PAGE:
Christmas feasts maybe more important than ever
Celebrate the season together
Akan Competence Center / NTB
The Party committees at Norwegian workplaces are in full swing these days and things are certainly hectic. There is a lot to plan and organize, everything from where you’ll have the dinner, what you’ll eat, and how much you’ll drink. The traditional Norwegian julebord is perhaps more important than ever.
By the early 1900s, julebord was a term for tables covered with hot and cold dishes in hotels and restaurants, and for company parties in the weeks before Christmas. Today, these Christmas parties are a regular tradition for many businesses, a social gathering where Christmas food is served with lots of good drinks. Christmas parties come in all varieties; low-budget with paper cloth and plastic glasses in the cafeteria, white tablecloths and bubbles, a weekend at a mountain hotel or a trip to the spa, Christmas lunch and sleigh rides, with or without a partner – or, as some call it, internal control.
Regardless of what it entails, the intention for many is to mark the end of a working year, a kind of rite of passage in which we commemorate the old year and look forward to the new. It’s a party where we gather with colleagues to celebrate ourselves. Everyone participates, and even those who rarely do dust off their old graduation suit. The fact that one colleague ends up with the tie on his head after a few drams is mostly allowed to happen without more than a little laughter the following Monday.
In the dismal news cycle we’ve lived in for so long, we are all touched and personally impacted. We hear concerns from workplaces about employees who are impacted by the high cost of living, and some businesses are equipping themselves with financial advice for employees who need help. We discuss interest rate hikes and increased food prices eagerly at lunch. But the shame of not being able to pay bills or having to turn down a girls’ night out is painful and is kept hidden.
At the same time, we need some respite filled with positive things. Then, good relationships and social life are absolutely fundamental for us. Being together through difficult and heavy times — but also in times of joy — enables us to push through challenges and difficult times. Espen Røysamb, a researcher at the University of Oslo, points out that there are simple things in life such as good social relationships, being together, and giving to others that make us happy and give a feeling of good fortune.
More important than ever?
For many, work is a way of life. We spend more time with colleagues than with family. We develop close friendships with coworkers and refer to them as friends. It’s not hard to understand then that work parties help build unity and strengthen community. And maybe exactly what we need this year is a Christmas party as a little respite, a well-deserved break together with wonderful colleagues where everyone is included, strengthening the experience of community.
The julebord should be a bright spot during the polar night and a worry-free arena where all employees are invited and included. Perhaps this is a more important bright spot than we realize for many, especially this year due to stress and high cost of living, because “happiness research” says it’s the little bright spots, simple pleasures like being together, that make us happy. And happy and satisfied employees are healthier and perform better.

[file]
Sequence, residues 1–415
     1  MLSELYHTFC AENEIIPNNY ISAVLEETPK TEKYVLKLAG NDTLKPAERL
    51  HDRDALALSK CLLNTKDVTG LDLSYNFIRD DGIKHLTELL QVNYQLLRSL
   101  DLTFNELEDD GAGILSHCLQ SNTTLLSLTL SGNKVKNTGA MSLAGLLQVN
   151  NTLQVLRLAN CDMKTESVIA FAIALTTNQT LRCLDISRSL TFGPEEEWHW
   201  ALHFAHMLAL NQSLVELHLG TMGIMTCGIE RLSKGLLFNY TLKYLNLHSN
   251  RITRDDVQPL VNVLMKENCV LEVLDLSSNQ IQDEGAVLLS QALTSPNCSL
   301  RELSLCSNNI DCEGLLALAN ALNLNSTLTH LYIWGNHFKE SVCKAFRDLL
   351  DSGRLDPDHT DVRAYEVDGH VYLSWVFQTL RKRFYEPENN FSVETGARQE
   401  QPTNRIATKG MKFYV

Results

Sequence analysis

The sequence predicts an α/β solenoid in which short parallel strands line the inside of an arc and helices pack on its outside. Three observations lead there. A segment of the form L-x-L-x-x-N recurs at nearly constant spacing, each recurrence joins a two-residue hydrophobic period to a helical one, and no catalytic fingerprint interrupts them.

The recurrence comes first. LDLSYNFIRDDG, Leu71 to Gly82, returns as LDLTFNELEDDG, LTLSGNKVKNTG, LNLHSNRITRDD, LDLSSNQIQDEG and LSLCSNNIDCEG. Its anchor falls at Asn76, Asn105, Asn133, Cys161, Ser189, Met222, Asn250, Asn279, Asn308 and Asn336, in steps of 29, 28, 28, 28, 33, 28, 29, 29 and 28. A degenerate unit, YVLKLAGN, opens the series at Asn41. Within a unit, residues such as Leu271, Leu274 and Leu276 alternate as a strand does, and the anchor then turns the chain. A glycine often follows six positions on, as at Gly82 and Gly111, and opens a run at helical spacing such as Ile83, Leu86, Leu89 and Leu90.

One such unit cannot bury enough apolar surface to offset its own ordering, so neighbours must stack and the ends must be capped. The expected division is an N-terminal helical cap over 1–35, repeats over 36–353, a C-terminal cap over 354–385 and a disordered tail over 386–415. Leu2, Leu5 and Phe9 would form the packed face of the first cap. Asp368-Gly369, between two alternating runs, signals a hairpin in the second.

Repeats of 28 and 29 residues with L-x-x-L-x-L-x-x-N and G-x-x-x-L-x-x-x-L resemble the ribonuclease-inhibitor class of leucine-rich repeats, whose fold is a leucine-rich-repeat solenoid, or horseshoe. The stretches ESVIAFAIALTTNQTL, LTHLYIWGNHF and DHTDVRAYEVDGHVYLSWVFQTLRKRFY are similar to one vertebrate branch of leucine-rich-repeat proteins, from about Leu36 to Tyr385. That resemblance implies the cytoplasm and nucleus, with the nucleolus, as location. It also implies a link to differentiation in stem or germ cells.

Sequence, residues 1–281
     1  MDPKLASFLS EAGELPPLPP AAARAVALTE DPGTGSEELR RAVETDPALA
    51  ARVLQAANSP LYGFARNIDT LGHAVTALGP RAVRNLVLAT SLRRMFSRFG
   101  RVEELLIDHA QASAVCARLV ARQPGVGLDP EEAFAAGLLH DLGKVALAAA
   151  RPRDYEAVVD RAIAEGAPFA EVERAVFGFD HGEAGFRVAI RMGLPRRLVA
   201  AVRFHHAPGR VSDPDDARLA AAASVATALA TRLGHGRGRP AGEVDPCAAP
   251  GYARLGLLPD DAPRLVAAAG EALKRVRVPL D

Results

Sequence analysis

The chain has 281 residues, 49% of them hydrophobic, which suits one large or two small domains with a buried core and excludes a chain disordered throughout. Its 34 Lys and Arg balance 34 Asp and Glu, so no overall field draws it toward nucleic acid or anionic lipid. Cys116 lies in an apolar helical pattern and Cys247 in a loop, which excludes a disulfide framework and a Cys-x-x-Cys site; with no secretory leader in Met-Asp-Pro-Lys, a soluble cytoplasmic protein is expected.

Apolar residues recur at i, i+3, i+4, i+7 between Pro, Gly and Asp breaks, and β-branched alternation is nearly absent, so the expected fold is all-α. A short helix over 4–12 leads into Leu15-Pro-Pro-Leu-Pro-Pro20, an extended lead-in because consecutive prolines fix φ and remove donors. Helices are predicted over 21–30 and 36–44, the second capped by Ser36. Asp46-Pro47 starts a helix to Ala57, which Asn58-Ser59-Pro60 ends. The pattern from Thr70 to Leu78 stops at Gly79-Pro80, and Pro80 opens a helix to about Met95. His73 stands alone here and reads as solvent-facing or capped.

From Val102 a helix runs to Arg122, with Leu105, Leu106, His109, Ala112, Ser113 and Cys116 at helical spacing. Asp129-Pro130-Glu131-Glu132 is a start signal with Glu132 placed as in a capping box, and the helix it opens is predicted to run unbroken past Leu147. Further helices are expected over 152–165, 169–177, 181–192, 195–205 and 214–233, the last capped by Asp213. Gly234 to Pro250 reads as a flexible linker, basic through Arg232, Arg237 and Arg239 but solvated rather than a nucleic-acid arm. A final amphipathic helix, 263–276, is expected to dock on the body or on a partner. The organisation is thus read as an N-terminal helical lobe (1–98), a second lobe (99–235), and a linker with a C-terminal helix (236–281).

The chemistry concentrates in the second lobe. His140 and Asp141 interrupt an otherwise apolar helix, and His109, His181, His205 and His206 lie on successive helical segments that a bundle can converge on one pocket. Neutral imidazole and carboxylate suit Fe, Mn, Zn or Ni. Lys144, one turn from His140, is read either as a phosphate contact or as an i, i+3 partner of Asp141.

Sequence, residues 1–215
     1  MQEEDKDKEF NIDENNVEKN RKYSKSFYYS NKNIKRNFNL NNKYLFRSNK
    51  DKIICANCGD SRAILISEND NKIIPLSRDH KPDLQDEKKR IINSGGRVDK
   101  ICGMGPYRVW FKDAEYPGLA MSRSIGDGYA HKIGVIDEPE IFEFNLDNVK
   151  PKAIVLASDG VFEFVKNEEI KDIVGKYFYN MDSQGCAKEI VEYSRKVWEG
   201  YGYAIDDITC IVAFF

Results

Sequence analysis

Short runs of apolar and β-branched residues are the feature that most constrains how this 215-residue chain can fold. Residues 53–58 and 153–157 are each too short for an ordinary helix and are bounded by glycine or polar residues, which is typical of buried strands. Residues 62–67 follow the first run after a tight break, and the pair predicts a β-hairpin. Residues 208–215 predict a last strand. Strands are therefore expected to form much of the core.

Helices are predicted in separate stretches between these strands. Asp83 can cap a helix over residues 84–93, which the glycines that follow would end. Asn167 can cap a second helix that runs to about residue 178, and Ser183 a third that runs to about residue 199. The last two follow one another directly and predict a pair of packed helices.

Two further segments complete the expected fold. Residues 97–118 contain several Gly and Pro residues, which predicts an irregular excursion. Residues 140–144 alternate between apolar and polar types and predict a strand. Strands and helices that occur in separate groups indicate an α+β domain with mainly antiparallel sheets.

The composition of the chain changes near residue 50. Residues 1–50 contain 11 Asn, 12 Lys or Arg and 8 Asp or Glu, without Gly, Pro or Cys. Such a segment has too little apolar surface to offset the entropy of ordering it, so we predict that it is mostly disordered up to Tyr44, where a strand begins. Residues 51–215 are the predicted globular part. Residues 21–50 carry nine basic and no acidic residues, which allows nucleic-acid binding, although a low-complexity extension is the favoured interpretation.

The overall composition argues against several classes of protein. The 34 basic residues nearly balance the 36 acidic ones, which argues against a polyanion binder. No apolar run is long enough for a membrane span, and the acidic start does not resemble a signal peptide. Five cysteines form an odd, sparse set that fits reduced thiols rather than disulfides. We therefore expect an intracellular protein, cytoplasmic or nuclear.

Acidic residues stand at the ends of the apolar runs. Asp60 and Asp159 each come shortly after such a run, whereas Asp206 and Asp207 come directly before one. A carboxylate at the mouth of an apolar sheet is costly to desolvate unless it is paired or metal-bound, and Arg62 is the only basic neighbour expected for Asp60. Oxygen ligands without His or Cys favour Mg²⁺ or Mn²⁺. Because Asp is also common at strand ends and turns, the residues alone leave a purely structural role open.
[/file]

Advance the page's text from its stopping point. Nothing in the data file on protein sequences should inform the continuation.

In order to safeguard and achieve the purpose of the julebord, it is even more important to talk about what it should look like so that everyone has a good time.
Five simple tips:
So how can you arrange this year’s Christmas party so that it is fun and inclusive for everyone, without depriving people of the joy of partying?
Talk about the drinking culture
All businesses benefit greatly from talking about their own drinking culture and expectations for their own parties. That is, ask yourselves the question, how do we feel when we drink together? Does everyone feel welcome and included? What do you do if something happens that is perceived as uncomfortable? Who takes responsibility?
Offer drinks both with and without
To avoid being part of the statistic that says 12% of people experience drinking pressure at work parties, make sure you offer non-alcoholic drinks equally as tempting as alcoholic ones. A lukewarm Pepsi Max isn’t as cool as a fresh mocktail. There’s a lot to choose from here, you just have to make sure it’s easy to choose.
It’s time not to be so concerned about what your colleague drinks and to not ask why. It’s a bit strange how concerned we Norwegians are with this. But it’s a private matter and can be uncomfortable or annoying for some to have to explain.
Be creative with various unifying activities that engage all employees. This means that the focus is on something other than drinking, and that more employees can get to know each other across departments and roles. Quizzes, salsa courses, improv theatre – the only limit is your imagination! We won’t reach everyone with everything, but we reach everyone with something.
Handle adverse events
If unwanted incidents occur, they must be handled in a safe and caring way for everyone involved. It will be easier if you have talked about it beforehand, and if leaders lead by example. Remember that you will meet again on Monday morning.
Looking for a healthier, less heavy alternative to the Norwegian julebord? Taste of Norway Editor Krisi Bissell has the ideas and recipes: A modern julebord